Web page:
The fact that we see design throughout life shouldn’t surprise us if we realize that there is a designer behind it all. This universe is no accident, nor is the life that resides in it. Design is evident, and with that we have a first and compelling argument for the existence of a transcendent creator God. The way Genesis presents this God also appears to preemptively oppose the coming false interpretations of His being and creation.
- In regard to Atheism, Genesis asserts a creation by God, not some cosmic accident
- In regard to Pantheism, the details of Genesis reveal God as being transcendental to this reality, existing outside of its dimensional confines
- In regard to Polytheism, Genesis clearly declares the existence of a single God
Furthermore, Genesis declares that this transcendental and sovereign God created all matter, all life, and – His special creation – mankind, by extension nullifying arguments of materialism, evolutionism, humanism, and uniformism. The language of Genesis is clear on all these points, but the revelations uncovered by modern discoveries completely and dramatically reinforce them!
Just as design is evident in life, so too we find it within the structure of the Scriptures themselves. Though written by perhaps as many as forty different authors over a span of nearly two-thousand years, the overarching themes and details inextricably build upon one another, referencing forward and back across the Bible. So complex is the system we find that it cannot help but point us to something beyond human ability and reasoning.
The subtleties of design within Scripture take a backseat to the obvious elements of composition on display. Namely, we find that the Christian Bible is composed of two distinct parts: the Old Testament and the New Testament. The Old Testament, beyond the earliest days of supernatural creation and Biblical prehistory, presents the journey of the nation of Israel and the chosen people of God. The New Testament however focuses on the life and teachings of a particular man, Jesus Christ, who was revealed to be God incarnate. More than just another character in a story, Jesus was the promised Messiah, the coming kinsman redeemer who, by His own blood, would pay a debt for all mankind and the creation as a whole. The details of His person, while ultimately revealed in His life and teachings of the New Testament, were heavily foreshadowed – if in a sometimes cryptic fashion – millennia prior within the hallowed pages of the Old Testament. As St. Augustine is said to have quipped, “The New is in the Old concealed, while the Old is in the new revealed.”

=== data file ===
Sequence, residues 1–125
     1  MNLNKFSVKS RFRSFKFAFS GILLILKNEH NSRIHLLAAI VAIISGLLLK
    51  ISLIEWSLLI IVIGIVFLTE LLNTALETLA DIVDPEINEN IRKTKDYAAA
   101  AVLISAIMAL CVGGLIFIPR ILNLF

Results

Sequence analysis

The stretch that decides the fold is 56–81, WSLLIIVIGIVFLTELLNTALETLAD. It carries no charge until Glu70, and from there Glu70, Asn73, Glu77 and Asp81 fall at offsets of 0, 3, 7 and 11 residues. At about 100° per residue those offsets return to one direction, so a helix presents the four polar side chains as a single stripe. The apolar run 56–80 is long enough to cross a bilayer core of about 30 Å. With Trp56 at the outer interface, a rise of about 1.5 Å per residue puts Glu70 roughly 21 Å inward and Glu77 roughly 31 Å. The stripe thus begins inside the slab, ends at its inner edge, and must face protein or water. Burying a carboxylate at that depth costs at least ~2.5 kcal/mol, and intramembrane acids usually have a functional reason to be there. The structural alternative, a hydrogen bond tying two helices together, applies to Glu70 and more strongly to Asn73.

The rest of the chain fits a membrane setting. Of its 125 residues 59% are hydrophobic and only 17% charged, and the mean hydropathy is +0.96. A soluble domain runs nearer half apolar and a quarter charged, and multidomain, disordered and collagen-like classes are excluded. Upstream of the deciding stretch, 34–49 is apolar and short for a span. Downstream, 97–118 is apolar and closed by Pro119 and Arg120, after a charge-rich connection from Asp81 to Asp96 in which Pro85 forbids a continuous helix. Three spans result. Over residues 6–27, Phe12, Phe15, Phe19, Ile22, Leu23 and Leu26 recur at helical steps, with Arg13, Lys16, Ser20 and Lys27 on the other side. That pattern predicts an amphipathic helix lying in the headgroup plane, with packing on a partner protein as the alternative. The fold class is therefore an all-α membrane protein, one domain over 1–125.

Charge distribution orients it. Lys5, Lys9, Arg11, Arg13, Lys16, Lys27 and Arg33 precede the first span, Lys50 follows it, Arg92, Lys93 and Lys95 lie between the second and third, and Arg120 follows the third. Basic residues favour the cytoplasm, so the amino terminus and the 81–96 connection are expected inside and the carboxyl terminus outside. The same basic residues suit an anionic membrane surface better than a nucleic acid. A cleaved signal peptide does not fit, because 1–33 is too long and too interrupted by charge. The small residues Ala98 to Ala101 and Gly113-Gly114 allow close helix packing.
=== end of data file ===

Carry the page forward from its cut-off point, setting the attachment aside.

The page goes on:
For our purposes with this ongoing series into Biblical Prehistory, we will be focusing on Genesis, the Book of Beginnings. That foundational work is revered not just by the Christians, but also by the Jews – who share the work in their own Tanakh, and also the Muslims, which reference a number of the same accounts and figures of Genesis within their Qu’ran. Genesis, as presented in the Judeo-Christian account, is easily divided into two portions, with the first eleven chapters establishing what we will refer to as Biblical Prehistory, and the rest of Genesis – Chapters twelve to fifty – setting the stage for the birth of the nation of Israel.
Now, even amongst believers, there is some debate over the reality of the various figures noted in Genesis. The greatest targets of all for such skepticism are found in none other than Adam and Eve themselves. Could all of mankind have truly descended from a single pair of primal beings? Allegory, they say. Just myth and legend meant to convey a story. Friend, if you trust the Bible, indeed, if you trust Jesus Christ, then there can be no debate over such matters. Time and again, we find clear references to the details of Genesis being addressed by figures in the New Testament, with each instance reaffirming that ancient book’s historicity and authority as a witness to the birth of creation.
The Book of Genesis is, without doubt, critical to the Christian faith. It’s placement at the beginning not only reinforces its witnessing of the people and events detailed within its pages, but also underscores its necessity as foundational to all the teachings that would come to follow it.
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